There have been a greatly disproportionate number of politicians, educators, physicians, musicians, artists, and so on, from the ranks of the Zarathushtris of India. In Mumbai alone, in various prominent locations of the city, there are five statues of famous Parsis.

Susan: Is it true that Gandhi's ideas were strongly influenced by the Parsis?

Dr. Anoshiravani: Some of the closest people to Gandhi during the Indian revolution were Parsis, and Gandhi himself had a very high regard for them.

Susan: Who were some other famous Zarathushtris?

Dr. Anoshiravani: Zubin Mehta, the famous symphony conductor, is a Parsi, as was Homi Baba, who has been called the father of India's nuclear power, and General Manek Shaw, the first field marshall of India. He commanded India's armies during the Indo-Chinese War.

Susan: What are the advantages in your mind to following the precepts of Zarathushtra?

Dr. Anoshiravani: Actually, it's a difficult religion. It does not promise you any immediate rewards just by opening your heart to Zarathushtra or believing in his god. In some other religions, you can follow certain rituals and you will be forgiven, but that is not in accordance with Zarathushtra's precepts. All that's promised is hard work on the path to increasing your knowledge, making the right choices, performing good deeds, and believing in the right things for the sake of righteousness alone.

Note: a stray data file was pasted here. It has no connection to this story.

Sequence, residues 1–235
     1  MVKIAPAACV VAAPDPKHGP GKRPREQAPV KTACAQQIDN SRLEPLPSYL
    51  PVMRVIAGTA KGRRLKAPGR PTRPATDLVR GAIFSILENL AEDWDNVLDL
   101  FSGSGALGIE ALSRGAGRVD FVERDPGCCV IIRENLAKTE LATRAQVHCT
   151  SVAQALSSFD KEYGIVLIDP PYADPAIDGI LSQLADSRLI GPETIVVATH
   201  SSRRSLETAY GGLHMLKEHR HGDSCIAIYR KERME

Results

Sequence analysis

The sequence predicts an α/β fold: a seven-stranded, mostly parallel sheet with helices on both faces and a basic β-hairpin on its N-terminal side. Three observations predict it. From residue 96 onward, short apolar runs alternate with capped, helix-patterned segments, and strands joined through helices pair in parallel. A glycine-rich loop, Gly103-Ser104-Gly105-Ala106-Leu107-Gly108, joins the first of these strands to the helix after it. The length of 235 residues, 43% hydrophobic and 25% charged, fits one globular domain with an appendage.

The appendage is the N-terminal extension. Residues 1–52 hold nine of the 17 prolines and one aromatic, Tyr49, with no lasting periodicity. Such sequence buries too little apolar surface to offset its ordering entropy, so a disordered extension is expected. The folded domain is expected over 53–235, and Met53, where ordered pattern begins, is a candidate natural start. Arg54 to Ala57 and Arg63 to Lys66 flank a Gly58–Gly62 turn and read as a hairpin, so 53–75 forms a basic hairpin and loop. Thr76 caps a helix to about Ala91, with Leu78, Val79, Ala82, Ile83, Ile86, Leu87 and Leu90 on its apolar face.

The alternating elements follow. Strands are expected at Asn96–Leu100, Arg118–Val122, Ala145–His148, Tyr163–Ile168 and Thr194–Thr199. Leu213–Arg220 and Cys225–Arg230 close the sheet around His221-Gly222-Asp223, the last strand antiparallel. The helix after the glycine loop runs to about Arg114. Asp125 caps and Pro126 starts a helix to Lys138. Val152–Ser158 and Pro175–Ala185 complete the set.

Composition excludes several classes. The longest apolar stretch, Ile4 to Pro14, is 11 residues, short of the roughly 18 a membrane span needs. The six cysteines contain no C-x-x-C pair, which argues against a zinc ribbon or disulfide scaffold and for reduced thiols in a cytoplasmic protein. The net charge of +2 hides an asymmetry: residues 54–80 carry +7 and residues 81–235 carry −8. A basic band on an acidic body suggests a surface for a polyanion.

Susan: Aren't there any principles of "right action"?

Dr. Anoshiravani: In the Gathas there is no command about how to conduct your life. The Gathas contains no instruction regarding such things as the dietary or social behavior of individuals. Those simple matters seem to have been left to the informed decision of each person according to the state of knowledge and other conditions of time.

The emphasis is on doing the right thing. And we have to find out for ourselves what the right things are. But if you read the entire Gathas, you get the general impression that there are certain things that cause profound happiness, and also cause the refreshing of the world and everything in it.

Therefore, one gradually becomes aware of the kinds of actions that are righteous and consistent with Ahura Mazda's will. And this way of living leads us to the Abode of Songs.


On Being Zarathushtri

with Shahriar Shahriari

The following is based upon an interview with Shahriar Shahriari, author of two books on Zarathushtrian practice. Although he was born a Parsi, he came to it as a matter of faith in adulthood. Here, he talks about what happened, and why the teachings of Zarathushtra are so meaningful to him now.

Susan: Shahriar, as you said, for someone born to the religion of the Zarathushtra, you're really enthusiastic about it. Would you like to tell us why?

Shahriar: It's a guide. It gives direction. It gives a sense of purpose and a sense of sanity and validity to the world that we live in. Especially right now, when we look at the world around us it seems insane. And the teachings give us a sense of existential reality. They move us away from the nihilism that prevails, particularly in the younger generation.

More realistically, it is that no matter what happens in life, no matter what one faces, the teachings actually give a sense of how to deal with it and still keep our sense of composure and our sense of Godliness.

Susan: Can you give me an example of what you mean?